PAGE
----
Wednesday, October 09, 2013

Edmonton Civic Election 2013 - A look at the 3 main mayoral candidates

I'll be honest, I haven't paid as close attention to this race as I should.  Why?  Because I'd be satisfied with any of the three mayoral front-runners leading this city over at least the next six years.  Now why do I say that?  I don't dislike any of them.  I liked at lot of their work on council.  They each have distinct positive qualities that are appealing and some drawbacks.  I think a big drawback for all of us is we're not going to see two of them on council for the next three years.  I'm leaning toward one of these candidates but having a closer look at another.

Let's also keep in mind that I've lived in Edmonton my whole life, have travelled to many cities in the U.S. and have seen how things are done and not done well as far as roads, taxes, transit, services, building a downtown core, drawing business and growing an economy, etc.

Anyway, let's look at the three candidates now from MY view (in alphabetical order):

Kerry Diotte
Pros:
- Knows this city from a grassroots view
- King of the pothole issue -- a major issue
- Anti-arena deal from a taxpayer view, but not anti-arena
- Strong fiscal conservative
- Anti-bike -- he's got good points on the value here with our weather
Cons:
- Anti-bike -- he lost the bike vote, oh no!
- Perceived as fully anti-arena
- Campaign stunts are too gimmicky and lame - "Diotte or Detroit?" Anti-arena TV commercial at Blue Plate fiasco. Seriously? Who approved those?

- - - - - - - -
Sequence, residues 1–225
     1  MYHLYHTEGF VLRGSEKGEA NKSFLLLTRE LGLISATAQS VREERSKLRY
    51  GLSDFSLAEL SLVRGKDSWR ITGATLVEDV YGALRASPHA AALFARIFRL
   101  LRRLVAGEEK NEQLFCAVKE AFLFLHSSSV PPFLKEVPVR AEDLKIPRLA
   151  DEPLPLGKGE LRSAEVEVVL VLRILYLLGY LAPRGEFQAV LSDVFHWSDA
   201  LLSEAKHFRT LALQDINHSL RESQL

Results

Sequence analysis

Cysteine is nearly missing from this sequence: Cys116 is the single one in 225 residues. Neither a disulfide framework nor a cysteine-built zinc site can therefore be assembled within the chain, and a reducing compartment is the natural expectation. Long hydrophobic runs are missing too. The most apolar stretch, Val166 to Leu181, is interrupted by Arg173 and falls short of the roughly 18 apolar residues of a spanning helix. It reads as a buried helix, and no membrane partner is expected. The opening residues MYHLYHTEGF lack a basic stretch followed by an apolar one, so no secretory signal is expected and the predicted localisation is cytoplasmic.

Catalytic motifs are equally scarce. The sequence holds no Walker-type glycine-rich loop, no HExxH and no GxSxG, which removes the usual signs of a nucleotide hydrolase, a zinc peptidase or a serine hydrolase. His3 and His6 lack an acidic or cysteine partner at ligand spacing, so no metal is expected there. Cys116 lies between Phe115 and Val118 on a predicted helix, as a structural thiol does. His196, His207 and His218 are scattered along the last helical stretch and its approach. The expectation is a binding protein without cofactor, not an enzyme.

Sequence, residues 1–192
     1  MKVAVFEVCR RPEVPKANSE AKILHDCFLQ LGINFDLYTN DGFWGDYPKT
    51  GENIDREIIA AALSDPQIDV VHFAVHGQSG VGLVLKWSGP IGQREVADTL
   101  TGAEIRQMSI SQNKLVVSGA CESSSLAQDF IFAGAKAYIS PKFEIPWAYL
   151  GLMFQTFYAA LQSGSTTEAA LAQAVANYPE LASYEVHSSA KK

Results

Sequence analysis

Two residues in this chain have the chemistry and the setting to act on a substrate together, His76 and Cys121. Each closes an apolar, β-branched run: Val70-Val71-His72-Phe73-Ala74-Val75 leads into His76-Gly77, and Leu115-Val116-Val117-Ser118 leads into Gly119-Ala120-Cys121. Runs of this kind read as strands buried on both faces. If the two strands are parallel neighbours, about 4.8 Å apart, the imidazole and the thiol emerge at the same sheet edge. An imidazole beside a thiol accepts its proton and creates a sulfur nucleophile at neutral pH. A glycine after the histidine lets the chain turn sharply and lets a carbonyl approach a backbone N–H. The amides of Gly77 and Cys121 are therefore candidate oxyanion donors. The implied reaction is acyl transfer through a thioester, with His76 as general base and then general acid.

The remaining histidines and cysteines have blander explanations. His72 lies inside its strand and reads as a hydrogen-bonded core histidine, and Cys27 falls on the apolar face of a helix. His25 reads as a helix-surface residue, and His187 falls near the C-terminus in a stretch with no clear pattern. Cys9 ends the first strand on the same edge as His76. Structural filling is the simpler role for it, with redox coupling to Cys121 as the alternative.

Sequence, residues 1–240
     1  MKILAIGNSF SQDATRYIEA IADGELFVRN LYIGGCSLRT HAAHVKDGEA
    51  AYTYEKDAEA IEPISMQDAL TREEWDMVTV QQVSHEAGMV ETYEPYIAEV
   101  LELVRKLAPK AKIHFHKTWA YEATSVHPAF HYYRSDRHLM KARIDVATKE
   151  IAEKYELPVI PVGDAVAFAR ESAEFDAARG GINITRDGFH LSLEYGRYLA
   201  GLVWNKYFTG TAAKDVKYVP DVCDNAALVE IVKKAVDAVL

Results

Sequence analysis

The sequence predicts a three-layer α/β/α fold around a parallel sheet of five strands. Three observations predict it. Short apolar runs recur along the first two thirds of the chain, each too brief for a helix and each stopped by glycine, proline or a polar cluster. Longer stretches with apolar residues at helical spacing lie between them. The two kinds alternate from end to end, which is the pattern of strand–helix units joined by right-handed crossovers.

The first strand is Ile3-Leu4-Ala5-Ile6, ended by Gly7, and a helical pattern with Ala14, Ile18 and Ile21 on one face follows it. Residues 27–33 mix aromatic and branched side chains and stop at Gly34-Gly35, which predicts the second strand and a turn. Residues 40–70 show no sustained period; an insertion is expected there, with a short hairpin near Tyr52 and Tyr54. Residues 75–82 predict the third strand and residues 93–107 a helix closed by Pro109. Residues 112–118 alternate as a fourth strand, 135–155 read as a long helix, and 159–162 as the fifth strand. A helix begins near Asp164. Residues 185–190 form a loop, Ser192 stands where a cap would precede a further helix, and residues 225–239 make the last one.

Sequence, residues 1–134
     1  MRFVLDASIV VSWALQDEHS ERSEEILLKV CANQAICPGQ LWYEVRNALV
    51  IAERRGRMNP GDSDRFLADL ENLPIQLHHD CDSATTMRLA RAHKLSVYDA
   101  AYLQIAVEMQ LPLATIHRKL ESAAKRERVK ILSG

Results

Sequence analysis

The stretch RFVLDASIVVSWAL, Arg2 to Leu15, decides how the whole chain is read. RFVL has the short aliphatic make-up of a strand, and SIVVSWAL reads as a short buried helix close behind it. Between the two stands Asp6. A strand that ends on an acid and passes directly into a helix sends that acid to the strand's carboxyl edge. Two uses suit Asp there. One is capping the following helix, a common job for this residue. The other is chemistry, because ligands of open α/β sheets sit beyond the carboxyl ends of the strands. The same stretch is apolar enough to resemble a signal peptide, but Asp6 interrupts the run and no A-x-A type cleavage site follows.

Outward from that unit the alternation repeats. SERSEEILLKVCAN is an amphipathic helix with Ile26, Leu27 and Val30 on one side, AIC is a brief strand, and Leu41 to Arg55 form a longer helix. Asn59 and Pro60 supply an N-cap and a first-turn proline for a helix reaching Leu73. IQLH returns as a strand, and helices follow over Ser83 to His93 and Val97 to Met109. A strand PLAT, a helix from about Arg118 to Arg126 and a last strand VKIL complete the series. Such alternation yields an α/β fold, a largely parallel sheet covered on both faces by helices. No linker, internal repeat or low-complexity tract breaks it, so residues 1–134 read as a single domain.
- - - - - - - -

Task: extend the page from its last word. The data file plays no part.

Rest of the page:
- Didn't seem to work well with others on council
- Even Lorne Gunter isn't supporting him

Don Iveson

Pros:
- Although a family man for a while, perceived as youthful and energetic
- Articulate and has vision
- Only candidate to really talk about sewers and drainage in downtown and surrounding area as a major infrastructure issue.
- Very smart politically
Cons:
- Too fiscally progressive/liberal. I see him as similar to Nenshi in Calgary.  He doesn't seem like the kind of mayor who'd put his foot down hard on tax increases.  Also, what I've seen in Alberta is a strong political movement of progressives taking over civically. 
- Maybe should have stayed on council

Karen Leibovici 
Pros:
- Supposed fiscal-hawk
- Tonnes of experience in provincial and civic politics
- Former President/Chair of Canadian/Alberta Council of Cities something or other (look it up yourself)
- Woman - Yep, I'm saying it. She wouldn't be the first though.
Cons:
- Liberal, but a blue-liberal
- Not all that inspiring
- Huge backing from developers who are funding her campaign with lots of cash. This means influence buying and it stinks.